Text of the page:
Argentium Silver and Petrified Peanut Wood Pendant by Kaelin Design

Petrified Peanut Wood, Argentium Silver, Sterling Silver

I have met many different kinds of people in my life, and invariably when we discuss what it takes to be successful in life, they say things like: “You must be driven to succeed”, “Have a dream and pursue it!”, or even “All you need is heart, and you’ll succeed!” Then when I say, “So if I have heart, a dream, and drive- what’s the next step?” That’s when the flow charts come out, and the rigid scheduling of every conceivable business possibility. “You must have a spread sheet for everything!” “You have to know to the minute and penny what time and materials you spend on a project!”
If I started a clock when I started a project, and metaphorically listened to it ticking away while I was trying to create art jewelry, I probably wouldn’t finish any projects…and I would hate what I was trying to create!

Oh, I know I should be streamlined and efficient while I work, and a certain amount of scheduling and thought has to be given to projects. If I can move my anvil next to my soldering bench so I only take 3 steps instead of 20, that’s more efficient. I get that. Do I really have to keep track of how many penny’s worth of solder I use to create a bracelet? Does all of that information really have to be entered into a spreadsheet with 4 different kinds of color coded graphs in order for me to be successful?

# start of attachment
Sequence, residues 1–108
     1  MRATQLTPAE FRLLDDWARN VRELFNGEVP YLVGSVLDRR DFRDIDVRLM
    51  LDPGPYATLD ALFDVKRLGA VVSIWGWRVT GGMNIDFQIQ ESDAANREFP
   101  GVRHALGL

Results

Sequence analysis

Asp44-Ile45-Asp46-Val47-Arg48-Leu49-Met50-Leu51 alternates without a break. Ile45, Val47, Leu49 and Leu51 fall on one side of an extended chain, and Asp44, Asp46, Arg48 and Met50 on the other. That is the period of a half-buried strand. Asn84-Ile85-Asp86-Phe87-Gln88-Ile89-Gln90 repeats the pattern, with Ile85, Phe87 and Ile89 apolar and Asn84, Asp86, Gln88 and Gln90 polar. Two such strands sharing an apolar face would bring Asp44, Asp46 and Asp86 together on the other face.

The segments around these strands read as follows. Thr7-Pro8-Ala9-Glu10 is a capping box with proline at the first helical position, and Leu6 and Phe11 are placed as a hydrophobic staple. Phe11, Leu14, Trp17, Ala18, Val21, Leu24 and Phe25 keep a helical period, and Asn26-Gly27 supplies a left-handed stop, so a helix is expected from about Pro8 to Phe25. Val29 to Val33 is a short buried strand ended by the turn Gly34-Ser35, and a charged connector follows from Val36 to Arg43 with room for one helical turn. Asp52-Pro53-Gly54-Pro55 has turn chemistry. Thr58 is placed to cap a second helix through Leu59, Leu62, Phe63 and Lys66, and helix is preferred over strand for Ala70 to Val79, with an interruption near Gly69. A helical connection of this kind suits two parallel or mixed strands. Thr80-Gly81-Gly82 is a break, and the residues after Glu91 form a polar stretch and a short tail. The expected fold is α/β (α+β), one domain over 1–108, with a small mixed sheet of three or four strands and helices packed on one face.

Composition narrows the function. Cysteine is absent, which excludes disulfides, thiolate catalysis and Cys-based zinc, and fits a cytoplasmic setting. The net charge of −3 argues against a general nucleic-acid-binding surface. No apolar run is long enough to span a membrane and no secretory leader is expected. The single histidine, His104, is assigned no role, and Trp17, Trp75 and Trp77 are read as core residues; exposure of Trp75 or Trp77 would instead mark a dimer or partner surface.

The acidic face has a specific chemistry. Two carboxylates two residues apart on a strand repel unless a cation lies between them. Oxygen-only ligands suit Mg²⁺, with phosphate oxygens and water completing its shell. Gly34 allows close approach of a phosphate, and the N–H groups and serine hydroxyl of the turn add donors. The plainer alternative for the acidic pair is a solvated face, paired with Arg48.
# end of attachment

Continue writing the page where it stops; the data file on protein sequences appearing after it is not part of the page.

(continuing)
Celtic Inspired Blue Lace Agate Silver Pendant by Kaelin Design

Blue Lace Agate, Argentium Silver, Sterling Silver

When I consider all the paperwork and scheduling deemed by the faceless majority to be essential to my success, I want to abandon my tools and run screaming into the night. Yes, there are artists who thrive on the rigid creation of beautiful objects. They create stunning masterpieces of engineered elegance, and I am awestruck by the precision of their creations. Yet, I could never even consider using their precise processes in my creations. It is not that I am incapable of such precision- at one point I was able to visually sight an object to within a .0001 tolerance! But the ability to do such a thing is, to me, a cold calculated activity. I firmly believe that nothing even remotely akin to that could result in the lithe organic forms that I love to create…